We have long understood that people contain an essential dualism, referred to sometimes as “heart and mind,” or “mind and matter,” or “body and soul.” Most famously, Adam is created from two opposing ingredients: dust from the earth, and living soul blown in through his nostrils. Though I only really am sure of the Torah perspective, I think the dualism of “body and soul” may be an almost-universal understanding, spanning religions and cultures the world over (if I am incorrect, please enlighten me!).
An introductory identifier of any faith or culture is whether or not it seeks to combine body and soul, or to separate them. Separation of body and soul is well known. Think of the person who engages in meaningless sex, insisting that it does not taint their soul in any way. Acting out our animal desires “in the moment” is how we corrupt our future ability to have deep and meaningful relationships. Or the flip side: consider the Eastern Mystic, the guru on the mountain who swears off physical things and seeks to live solely in the spiritual realm. For both of these, the body and the soul are best kept far apart from each other.
The opposite case, combining the body and soul, can be done right – or very wrong. If we let the desires of the body govern our spiritualism, then we descend into animalistic behavior, dragging us into the gutter. Popular culture is full of this – just google any of the songs that fixates on genitalia. The ancient world had it, too – the deity Peor is all about celebrating raw physical functions such as expelling fecal waste.
On the other hand, if our souls, the desire for spiritualism, sets the agenda, then we can infuse our bodies with that spiritual element, and elevate our physical selves. The text of the Torah keeps dwelling on the theme that we should seek to use our divinely-gifted breath to elevate our bodies and the world around us. Hence, the prayer of Avraham’s servant is favored because he “speaks to his heart” – investing his spirit into his body.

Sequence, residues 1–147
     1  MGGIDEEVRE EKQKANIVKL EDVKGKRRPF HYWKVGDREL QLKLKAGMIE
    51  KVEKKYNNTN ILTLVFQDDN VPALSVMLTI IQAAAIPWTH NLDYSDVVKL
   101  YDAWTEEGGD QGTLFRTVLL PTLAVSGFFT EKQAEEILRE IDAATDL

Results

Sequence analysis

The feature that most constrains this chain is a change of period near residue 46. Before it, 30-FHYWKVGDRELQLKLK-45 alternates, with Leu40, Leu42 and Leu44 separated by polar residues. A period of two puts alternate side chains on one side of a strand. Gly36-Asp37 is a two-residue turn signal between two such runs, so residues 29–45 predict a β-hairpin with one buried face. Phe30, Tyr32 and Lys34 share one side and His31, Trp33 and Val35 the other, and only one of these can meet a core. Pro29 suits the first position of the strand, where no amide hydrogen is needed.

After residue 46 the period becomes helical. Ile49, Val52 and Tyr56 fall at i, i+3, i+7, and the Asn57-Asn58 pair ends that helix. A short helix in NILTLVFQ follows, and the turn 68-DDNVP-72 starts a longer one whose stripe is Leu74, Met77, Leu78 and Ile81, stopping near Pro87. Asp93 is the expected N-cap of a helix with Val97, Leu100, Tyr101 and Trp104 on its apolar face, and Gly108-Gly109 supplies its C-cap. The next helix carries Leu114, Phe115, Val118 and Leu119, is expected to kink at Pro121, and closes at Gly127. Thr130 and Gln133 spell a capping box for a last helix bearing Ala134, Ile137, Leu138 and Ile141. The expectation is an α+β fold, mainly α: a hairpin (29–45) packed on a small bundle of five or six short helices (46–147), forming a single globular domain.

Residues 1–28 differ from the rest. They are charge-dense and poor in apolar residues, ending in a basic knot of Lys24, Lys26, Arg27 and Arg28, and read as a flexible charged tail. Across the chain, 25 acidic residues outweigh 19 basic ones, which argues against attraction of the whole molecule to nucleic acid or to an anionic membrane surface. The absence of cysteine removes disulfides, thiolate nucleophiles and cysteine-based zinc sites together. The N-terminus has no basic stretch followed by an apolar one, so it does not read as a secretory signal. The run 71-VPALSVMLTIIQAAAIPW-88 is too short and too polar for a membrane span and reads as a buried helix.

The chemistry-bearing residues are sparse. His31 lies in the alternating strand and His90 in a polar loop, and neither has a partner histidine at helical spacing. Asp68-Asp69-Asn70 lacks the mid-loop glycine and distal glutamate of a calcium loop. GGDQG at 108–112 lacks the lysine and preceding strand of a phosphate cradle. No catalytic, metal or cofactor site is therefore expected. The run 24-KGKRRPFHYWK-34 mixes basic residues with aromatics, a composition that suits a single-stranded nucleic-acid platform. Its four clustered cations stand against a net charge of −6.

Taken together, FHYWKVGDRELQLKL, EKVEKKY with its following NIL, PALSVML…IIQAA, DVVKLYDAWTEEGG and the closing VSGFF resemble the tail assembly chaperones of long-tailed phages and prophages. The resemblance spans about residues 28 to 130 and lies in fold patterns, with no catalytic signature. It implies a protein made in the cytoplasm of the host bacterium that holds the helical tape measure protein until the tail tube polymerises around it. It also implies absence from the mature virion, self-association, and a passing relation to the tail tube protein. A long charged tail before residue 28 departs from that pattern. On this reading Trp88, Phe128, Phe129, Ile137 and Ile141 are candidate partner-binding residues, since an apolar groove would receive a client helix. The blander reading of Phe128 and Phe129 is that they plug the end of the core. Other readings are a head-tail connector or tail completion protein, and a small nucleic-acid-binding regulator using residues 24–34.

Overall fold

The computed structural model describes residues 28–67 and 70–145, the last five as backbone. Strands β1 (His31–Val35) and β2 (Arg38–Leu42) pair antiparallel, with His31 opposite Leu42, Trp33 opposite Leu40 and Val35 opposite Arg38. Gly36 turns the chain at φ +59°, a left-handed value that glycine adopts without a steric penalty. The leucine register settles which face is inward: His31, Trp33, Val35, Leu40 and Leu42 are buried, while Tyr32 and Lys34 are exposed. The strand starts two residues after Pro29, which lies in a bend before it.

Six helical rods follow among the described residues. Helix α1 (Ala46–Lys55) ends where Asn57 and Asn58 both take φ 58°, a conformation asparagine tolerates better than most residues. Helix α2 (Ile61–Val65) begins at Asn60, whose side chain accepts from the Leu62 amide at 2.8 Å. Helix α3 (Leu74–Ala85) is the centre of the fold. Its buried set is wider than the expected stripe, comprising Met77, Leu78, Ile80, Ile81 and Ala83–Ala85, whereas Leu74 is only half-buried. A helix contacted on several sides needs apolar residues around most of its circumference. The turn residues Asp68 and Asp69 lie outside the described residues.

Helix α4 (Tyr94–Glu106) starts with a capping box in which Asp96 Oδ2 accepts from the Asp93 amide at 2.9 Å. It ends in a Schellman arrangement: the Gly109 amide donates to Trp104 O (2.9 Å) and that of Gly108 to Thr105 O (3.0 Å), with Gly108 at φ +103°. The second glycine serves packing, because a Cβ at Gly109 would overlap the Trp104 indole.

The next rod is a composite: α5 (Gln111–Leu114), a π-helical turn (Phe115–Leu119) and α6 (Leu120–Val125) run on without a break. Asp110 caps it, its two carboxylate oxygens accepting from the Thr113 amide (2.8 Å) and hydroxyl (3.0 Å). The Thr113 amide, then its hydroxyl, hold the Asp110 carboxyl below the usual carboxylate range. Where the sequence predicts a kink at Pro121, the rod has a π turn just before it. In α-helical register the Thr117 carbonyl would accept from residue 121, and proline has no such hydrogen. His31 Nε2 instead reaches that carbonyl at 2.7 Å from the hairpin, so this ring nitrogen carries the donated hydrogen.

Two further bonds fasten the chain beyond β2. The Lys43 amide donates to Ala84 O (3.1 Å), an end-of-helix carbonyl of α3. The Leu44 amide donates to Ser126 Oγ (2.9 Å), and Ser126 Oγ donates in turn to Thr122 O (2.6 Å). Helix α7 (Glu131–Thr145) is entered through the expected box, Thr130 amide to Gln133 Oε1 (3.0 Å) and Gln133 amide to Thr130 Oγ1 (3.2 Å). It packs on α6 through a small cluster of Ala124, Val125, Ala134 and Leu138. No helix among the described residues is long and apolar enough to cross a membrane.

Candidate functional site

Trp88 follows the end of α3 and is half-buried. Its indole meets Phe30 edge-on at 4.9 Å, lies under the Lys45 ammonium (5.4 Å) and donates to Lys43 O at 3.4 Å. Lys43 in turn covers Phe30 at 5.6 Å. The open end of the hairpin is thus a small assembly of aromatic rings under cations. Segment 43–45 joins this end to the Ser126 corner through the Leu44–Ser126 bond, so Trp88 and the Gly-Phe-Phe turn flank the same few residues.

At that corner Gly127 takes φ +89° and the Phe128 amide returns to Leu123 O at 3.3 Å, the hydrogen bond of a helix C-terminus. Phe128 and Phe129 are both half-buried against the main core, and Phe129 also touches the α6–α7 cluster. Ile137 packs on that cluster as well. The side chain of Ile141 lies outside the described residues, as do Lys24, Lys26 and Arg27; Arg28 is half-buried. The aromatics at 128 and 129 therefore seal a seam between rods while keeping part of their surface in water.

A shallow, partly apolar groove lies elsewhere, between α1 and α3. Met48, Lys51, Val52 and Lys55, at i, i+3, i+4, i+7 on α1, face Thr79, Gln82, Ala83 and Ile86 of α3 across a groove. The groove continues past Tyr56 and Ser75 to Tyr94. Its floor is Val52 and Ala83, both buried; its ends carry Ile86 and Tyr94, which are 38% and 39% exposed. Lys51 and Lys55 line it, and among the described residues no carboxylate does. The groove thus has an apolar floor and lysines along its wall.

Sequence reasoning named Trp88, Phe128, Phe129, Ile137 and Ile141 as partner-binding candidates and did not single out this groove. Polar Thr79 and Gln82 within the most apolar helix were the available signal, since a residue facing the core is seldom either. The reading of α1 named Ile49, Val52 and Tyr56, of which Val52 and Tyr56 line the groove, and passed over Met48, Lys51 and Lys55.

Similarly, we are commanded to take key words of the Torah: “You are to tie them as a sign on your arm and they are to be totafos [tefillin] between your eyes.” Our arms are proxies for our bodies, the physical agent of our will. And “between your eyes” is, of course, where we are ensouled, where the nose (through which G-d blew our souls) connects to the skull.
This connection predates the actual commandment! The servant of Avraham commits Rebekah, when he finds her, by promptly giving her bracelets for her arms, and a ring which he places “on” (perhaps over) her nose – just as we wear tefilin! (Indian women wear jewelry high on their forehead in this manner.) Perhaps this is the inspiration for the idea of tefilin themselves! We bind ourselves in a relationship to G-d just as Rebekah becomes bound, promised, to marry Isaac. We even say the following verses from Hosea (2:21) when we finish binding the tefilin on our hands:
I will betroth you to Me forever.
And I will betroth you to Me with righteousness, justice, kindness, and mercy.
I will betroth you to Me with fidelity, and you shall know G-d.
Binding our bodies and our souls – and committing them to other people (and to G-d) is how we build and complete meaningful relationships.
[an @iwe, @eliyahumasinter and @blessedblacksmith work]